Board delays film screening for violence

  • Published : Aug 5, 2010 - 18:12
  • Updated : Aug 5, 2010 - 18:12

For the first time, a hotly anticipated feature film produced by a major studio has been slapped by the Korea Media Ratings Board with the limited engagement rule, preventing the film from a nationwide debut.

“I Saw the Devil,” set for an Aug. 11 release was recently given the harsh ruling for several violent sequences, some of which involve cannibalism, mutilation and specifically, a scene involving a serial killer tossing a human torso into a waste basket.

Lee Byung-hun stars in writer-director Kim Ji-woon’s controversial new film “I Saw the Devil.” Showbox
Such decisions are usually given to avant-garde or alternative independent films, but writer-director Kim Ji-woon’s (“The Good, the Bad, and the Weird”) summer tentpole thriller which stars Lee Byung-hun and veteran Choi Min-sik has been hindered by local censors for its gratuitous screen depictions of violence.

The result has pushed the scheduled press screening back to an undisclosed date, sounding off alarm bells for the film’s producers and its studio.

The production company chief, Peppermint Company’s Kim Hyun-woo said on Thursday the reason for the KMRB’s decision was not just based on the screen violence, but that it also had to do with the film’s leading men.

“We wanted to tell the story from the eyes of the audience -- to provoke the same vengeful impulses of the film’s hero through realistic portrayals of his revenge plan,” Kim said.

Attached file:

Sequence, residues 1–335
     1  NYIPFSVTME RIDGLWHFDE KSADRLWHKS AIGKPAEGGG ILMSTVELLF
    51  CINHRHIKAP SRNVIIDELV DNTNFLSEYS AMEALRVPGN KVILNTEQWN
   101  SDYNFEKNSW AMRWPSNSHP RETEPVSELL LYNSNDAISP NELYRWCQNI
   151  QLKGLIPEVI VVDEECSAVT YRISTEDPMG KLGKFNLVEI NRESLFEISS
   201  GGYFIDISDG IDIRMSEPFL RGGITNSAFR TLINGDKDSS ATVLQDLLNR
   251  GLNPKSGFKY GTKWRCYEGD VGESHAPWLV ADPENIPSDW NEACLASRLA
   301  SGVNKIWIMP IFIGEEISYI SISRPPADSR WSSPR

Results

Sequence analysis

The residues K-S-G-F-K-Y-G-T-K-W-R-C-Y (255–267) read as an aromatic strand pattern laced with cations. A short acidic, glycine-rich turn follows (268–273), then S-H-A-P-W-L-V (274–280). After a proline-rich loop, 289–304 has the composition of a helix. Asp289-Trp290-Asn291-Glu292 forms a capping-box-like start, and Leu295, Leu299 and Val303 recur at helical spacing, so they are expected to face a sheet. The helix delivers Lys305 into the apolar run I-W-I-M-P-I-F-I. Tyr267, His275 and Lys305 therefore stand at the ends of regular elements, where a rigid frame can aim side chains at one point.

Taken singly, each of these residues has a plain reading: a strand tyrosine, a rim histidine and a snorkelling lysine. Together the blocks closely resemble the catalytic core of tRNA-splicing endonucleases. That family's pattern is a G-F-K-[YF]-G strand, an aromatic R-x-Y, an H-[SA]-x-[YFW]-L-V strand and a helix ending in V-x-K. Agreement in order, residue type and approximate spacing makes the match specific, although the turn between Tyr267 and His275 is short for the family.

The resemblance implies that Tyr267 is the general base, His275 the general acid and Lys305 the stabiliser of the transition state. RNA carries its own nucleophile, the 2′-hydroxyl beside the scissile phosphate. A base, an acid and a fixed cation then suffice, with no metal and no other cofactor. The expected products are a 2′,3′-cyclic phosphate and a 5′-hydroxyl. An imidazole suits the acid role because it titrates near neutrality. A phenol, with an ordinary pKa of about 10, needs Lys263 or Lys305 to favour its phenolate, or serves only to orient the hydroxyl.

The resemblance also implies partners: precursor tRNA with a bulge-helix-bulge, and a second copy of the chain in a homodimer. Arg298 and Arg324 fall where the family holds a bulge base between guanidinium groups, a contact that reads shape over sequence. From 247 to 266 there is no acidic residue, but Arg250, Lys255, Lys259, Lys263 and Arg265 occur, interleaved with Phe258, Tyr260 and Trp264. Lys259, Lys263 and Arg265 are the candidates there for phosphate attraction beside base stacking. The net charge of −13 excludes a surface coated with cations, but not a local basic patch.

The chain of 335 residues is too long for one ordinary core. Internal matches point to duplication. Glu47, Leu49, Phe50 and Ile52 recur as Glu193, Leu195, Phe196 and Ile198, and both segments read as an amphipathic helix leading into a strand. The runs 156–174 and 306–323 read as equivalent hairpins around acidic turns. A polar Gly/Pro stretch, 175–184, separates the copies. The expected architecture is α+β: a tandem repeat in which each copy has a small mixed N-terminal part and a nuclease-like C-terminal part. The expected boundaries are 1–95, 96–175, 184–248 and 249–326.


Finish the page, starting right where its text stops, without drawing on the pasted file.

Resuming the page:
“Because we wanted to be as real as possible, those graphic scenes were needed and perhaps the intensity of the two actors’ performances contributed to the decision by the ratings board.”

Some might see Kim’s comments as an elaborate publicity stunt carefully orchestrated by the film’s marketing team to pique public interest by stirring the media pot with controversial coverage.

“We’re now in the process of making additional edits of our first cut within the boundaries of retaining the director’s artistic vision,” said Kim. “The second cut will be re-submitted to the ratings board to ensure we keep up with the original release date.”

The film follows a special agent’s (Lee) elaborate revenge scheme against a serial killer (Choi) suspected of brutally murdering his wife.

Revenge and violence have recently become the theme of the moment for the film industry with Won Bin’s “The Man from Nowhere” making noise over its screen violence and the actor’s transformation from a pretty boy to a violent madman.

Since its announcement as Kim Ji-woon’s follow up to his hugely popular “The Good, the Bad, and the Weird,” “I Saw the Devil” has been one of this year’s most anticipated films.

By Song Woong-ki (kws@heraldcorp.com)